75% of Teenagers Believe They're Ready to Learn About Investing

75% of Teenagers Believe They're Ready to Learn About Investing

Social media platforms drive greater teen engagement with personal finance and investing
A teen does research on their laptop

As online investing platforms become more readily accessible to the general public, young people are taking notice. And with the GameStop and Dogecoin investing frenzies showing just how much money consumers can make from investing, it's no wonder that investment interest among teenagers has accelerated.

In fact, a new Wells Fargo & Company survey found that 75% of teens said they’re ready to learn about investing — and 87% of their parents agree.

Teenagers learning personal finance from a variety of sources

An overwhelming number of both parents (92%) and teenagers (93%) believe that those who learn about investing at an early age will do better financially later on in life.

However, many said they don't have the acumen to back it up, as Wells Fargo found that 49% of teens and 32% of parents gave their investing knowledge a D or F grade.

As a result, parents have made their children's financial education their responsibility. About 6 in 10 parents (61%) said they're having money conversations with their children — although just 43% of teenagers agree.

Only 32% of parents have touched upon investing in these conversations, however. Plus, even fewer (29%) have used alternative methods to teach their children about investing, such as:

  • Opening a custodial account and investing on their teen's behalf (17%)
  • Encouraging their teen to play simulated stock market games, allowing them to gain knowledge about the market, though not actually investing money (13%)
  • Gifting stocks to their teen so they can track their investments and learn about the market (7%)

Despite these efforts, only 20% of teenagers agreed that their parents have made the effort to engage with them using any educational investment activities. This may explain why teens feel compelled to get their knowledge elsewhere.

In addition to learning from their parents (57%), teens report gaining personal finance knowledge from other sources, including:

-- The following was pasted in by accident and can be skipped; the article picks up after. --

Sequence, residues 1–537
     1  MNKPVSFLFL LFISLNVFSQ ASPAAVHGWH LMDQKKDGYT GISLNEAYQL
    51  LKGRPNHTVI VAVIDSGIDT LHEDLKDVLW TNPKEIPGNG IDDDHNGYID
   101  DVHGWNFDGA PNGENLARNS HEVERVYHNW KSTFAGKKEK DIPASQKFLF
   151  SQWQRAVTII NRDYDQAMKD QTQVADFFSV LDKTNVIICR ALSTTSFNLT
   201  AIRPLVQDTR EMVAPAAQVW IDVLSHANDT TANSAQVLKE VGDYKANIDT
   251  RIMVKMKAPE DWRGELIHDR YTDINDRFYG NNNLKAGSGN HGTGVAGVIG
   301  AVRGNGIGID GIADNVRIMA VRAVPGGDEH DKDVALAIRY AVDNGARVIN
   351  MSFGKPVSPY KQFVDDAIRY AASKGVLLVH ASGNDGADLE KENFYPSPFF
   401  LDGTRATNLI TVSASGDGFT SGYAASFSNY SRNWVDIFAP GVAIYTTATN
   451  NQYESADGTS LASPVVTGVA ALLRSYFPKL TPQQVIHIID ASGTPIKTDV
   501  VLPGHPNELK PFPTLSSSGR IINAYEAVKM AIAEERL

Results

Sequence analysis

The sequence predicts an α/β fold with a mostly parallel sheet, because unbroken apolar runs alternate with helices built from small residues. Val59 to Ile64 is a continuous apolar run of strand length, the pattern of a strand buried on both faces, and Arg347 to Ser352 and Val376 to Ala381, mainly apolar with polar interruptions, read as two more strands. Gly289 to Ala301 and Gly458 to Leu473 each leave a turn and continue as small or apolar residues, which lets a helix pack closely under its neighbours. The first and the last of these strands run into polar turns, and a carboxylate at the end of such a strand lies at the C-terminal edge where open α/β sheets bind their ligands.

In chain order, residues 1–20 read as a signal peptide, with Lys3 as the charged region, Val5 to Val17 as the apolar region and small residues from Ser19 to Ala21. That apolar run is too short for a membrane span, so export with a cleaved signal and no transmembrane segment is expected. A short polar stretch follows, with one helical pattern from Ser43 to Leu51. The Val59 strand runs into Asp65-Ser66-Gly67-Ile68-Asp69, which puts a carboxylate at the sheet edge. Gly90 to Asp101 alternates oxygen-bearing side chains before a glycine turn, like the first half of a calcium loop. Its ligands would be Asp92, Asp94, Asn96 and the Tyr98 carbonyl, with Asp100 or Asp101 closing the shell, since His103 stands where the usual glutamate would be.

• School (47%)
  • Social media (35%)
  • Online websites and articles (34%)

And because of this eclectic education, as well as the accessibility of retail investing apps, a previous E*TRADE study found that 72% of younger investors are becoming more confident in their investment decisions.

Social media's impact on investment interest and education

Platforms that were originally designed to connect with others have now branched out into providing investment advice, allowing younger people to learn more about buying and selling stocks.

Only 12% of parent respondents claimed that their teens use social media to learn about personal finance, compared to the 35% of teens that actually do. But parents underestimate the sway these platforms hold — nearly half of teen respondents (45%) attributed their growing interest in investing to the social media-driven GameStop stock frenzy that took place in January.

"Social media has a profound influence on our younger generations," said Mariana Martinez, family dynamics consultant with Wells Fargo’s Wealth & Investment Management group. "Those generations grew up with social media and often trust many of the platforms more than their parents do."

But not all information is good information: Influencers on platforms like TikTok have created a surge of financial education content to capitalize on this new interest, but a report from cryptocurrency trade platform Paxful showed that 1 in 7 of these videos contained misleading information.

Perhaps this is why nearly all teenagers (95%) and their parents (98%) agree high schools should teach students more about personal finance, as they're more likely to draw from credible sources compared to the plethora of so-called "personal finance experts" found on social media.

Methodology: On behalf of Wells Fargo & Company, Versta Research conducted a national online survey between April 20 and May 3, 2021 of 318 teens ages 13 to 17 and 304 parents of teenagers ages 13 to 17.

Both survey samples were stratified by gender, household, race and ethnicity. They were then weighted to the US Census Bureau's current population estimates of persons in households with teens ages 13 to 17.